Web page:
As the World Wide Web evolves into a more collaborative platform, the technologies and business models involved in that transition are being swept up into the "Web 2.0" rubric, a term vague enough to encompass almost anything one cares to push under its banner, but catchy in summing up the widespread sense that the Internet is at a tipping point.
Stories by Stacy Cowley
SAP has made its long-awaited dive into the hosted, subscription customer relationship management on demand market, launching a new software service with a starting monthly price tag of $US75 per user. But SAP won't be going head-to-head with on-demand trailblazers such as Salesforce.com: Its system carries a 100-user minimum, restricting its potential customers to the enterprise clients SAP traditionally targets.
Salesforce.com's recent spate of outages has left some of the hosted CRM (customer relationship management) software provider's customers venting about the company's poor track record of keeping its users updated on service problems. It is also underlying the importance of negotiating and enforcing SLAs (service level agreements) when trusting key IT functionality to outside vendors.
Salesforce.com's hosted CRM (customer relationship management) service had a widespread outage on Monday, the second time in recent weeks the on-demand software provider has suffered a serious crash.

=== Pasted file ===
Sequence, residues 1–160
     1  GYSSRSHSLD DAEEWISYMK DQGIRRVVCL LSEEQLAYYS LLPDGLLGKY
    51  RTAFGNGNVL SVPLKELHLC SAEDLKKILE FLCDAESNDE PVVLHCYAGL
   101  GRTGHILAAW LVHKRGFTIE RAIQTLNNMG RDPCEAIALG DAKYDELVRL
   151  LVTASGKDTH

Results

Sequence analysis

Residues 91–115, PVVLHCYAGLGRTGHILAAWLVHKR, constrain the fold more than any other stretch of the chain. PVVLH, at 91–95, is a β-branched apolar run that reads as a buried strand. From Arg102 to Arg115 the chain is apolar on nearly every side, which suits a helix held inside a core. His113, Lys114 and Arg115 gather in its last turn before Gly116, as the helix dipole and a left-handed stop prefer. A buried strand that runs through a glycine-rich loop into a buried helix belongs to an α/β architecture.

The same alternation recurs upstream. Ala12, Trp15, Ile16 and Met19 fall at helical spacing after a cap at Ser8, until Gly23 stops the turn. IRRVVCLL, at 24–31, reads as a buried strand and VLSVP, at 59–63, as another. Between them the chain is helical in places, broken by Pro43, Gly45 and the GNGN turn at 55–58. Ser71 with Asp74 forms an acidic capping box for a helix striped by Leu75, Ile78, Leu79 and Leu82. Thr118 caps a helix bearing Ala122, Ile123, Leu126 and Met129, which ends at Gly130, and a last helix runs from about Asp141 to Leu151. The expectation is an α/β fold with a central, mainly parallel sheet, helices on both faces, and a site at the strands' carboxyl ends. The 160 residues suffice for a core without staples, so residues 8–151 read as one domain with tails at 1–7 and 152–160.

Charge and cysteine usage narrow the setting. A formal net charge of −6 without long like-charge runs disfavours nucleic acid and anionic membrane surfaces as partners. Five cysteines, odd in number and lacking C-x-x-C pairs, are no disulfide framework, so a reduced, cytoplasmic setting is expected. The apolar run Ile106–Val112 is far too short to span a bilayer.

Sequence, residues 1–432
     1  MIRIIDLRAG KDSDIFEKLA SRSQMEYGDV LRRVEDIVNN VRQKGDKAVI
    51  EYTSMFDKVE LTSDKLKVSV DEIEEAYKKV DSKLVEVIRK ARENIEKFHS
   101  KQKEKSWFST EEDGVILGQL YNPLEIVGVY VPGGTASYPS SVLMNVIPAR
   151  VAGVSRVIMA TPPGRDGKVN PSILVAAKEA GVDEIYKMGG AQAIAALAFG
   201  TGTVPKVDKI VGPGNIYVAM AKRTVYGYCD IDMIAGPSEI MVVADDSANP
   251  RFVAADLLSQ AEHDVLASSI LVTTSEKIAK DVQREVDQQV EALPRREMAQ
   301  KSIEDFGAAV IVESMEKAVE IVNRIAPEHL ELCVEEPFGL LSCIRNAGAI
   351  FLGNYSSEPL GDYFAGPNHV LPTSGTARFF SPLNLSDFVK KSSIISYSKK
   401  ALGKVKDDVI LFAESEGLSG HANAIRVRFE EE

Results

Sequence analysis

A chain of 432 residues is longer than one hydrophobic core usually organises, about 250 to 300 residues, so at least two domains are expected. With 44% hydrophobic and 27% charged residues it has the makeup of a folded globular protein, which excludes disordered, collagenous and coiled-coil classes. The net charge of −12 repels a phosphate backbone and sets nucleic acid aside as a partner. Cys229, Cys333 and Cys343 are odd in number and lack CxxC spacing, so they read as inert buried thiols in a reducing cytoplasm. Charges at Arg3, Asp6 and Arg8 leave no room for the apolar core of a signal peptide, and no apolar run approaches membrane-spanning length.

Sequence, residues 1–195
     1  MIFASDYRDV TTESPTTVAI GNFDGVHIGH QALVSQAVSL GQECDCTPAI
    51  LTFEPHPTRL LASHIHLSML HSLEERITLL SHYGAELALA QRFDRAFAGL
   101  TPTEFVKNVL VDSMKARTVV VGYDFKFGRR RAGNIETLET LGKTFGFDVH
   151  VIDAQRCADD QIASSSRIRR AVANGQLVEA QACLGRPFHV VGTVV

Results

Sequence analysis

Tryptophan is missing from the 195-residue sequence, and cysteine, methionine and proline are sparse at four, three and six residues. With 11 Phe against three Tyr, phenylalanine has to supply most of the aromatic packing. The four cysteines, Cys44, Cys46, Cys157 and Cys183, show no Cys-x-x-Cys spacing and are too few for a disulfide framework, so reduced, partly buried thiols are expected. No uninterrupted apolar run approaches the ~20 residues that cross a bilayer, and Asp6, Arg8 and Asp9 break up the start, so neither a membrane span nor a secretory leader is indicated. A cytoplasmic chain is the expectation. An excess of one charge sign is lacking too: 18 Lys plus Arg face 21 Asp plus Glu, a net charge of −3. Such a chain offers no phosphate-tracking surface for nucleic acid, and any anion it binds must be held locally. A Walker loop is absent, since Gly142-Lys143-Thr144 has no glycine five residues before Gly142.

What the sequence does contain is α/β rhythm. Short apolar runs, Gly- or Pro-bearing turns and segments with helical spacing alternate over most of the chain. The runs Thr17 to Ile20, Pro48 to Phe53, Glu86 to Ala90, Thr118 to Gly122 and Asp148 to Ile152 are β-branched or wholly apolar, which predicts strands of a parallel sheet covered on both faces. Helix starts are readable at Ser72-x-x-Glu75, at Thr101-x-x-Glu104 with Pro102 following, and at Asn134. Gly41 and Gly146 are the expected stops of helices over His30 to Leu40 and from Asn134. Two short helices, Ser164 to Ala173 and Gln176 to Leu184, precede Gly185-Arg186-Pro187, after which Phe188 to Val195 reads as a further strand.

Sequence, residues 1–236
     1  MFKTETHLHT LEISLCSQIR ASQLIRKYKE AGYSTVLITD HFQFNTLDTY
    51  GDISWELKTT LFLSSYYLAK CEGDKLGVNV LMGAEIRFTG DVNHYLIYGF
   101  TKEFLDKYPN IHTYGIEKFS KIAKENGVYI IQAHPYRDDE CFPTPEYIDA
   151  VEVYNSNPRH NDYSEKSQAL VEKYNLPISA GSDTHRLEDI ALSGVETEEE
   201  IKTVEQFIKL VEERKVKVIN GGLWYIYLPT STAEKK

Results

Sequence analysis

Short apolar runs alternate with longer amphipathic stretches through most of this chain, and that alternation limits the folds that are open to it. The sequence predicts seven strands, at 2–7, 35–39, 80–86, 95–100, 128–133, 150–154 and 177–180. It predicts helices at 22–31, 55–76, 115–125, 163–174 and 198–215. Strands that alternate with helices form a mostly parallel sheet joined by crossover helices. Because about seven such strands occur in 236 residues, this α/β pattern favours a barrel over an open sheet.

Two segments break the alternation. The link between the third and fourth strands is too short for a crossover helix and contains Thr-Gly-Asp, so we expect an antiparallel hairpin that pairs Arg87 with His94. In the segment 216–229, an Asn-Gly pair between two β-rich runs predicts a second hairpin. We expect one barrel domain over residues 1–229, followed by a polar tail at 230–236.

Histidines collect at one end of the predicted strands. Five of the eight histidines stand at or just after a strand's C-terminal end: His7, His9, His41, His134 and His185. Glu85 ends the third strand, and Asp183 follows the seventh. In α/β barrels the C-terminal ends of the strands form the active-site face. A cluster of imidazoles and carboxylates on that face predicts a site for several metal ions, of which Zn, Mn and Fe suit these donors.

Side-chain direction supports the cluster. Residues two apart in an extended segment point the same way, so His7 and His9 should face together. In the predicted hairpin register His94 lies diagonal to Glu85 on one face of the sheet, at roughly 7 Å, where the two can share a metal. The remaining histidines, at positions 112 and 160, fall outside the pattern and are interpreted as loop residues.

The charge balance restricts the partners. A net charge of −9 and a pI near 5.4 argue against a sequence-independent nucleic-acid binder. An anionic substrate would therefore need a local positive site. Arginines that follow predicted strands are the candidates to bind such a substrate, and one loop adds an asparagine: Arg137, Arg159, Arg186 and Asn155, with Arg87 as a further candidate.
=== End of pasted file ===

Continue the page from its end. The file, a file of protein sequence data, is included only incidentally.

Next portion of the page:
Microsoft is merging its Exchange and Real-Time Collaboration (RTC) groups into a new unit called the Unified Communications Group, the company announced Monday. The change is aimed at aligning development work on Microsoft's e-mail platform with that done around other communications systems like instant messaging, Web conferencing and phone/VOIP (voice over Internet Protocol).
It took Google more than a year to make the decision that offering a censored version of its search services in China would be a lesser evil than boycotting business in the country altogether, according to Google CEO Eric Schmidt.
3Com on Friday named R. Scott Murray its new chief executive officer (CEO), replacing retiring CEO Bruce Claflin, who announced earlier this month that he would step down after five years of helming the networking vendor.
CA is shuffling its executive ranks, naming technology strategist Mark Barrenechea as its new chief technology officer (CTO).
IBM ended 2005 with strong earnings, but essentially flat sales, as it reported net income for the year of $US8 billion on revenue of $US91.1 billion.
Salesforce.com went live this week with a heavily publicized major update, adding a new platform called AppExchange for easily deploying third-party applications to extend the functionality of Salesforce.com's CRM (customer relationship management) system.
Continuing to build a portfolio of ERP (enterprise resource planning) software through acquisitions, Infor Global Solutions on Thursday announced an agreement to pay US$216 million in cash to acquire Datastream Systems, a maker of asset performance management software.
SAP is blazing ahead with the next iteration of its NetWeaver technology and its Enterprise Services Architecture (ESA), even as most of its customers trail several technology generations behind the ERP (enterprise resource planning) giant.
Two years after successfully acquiring midmarket CRM (customer relationship management) software maker Pivotal through a deal that started as an unsolicited bid, CDC Software is taking a run at another CRM vendor, Onyx Software.
Enterprise software is dead -- long live enterprise software.
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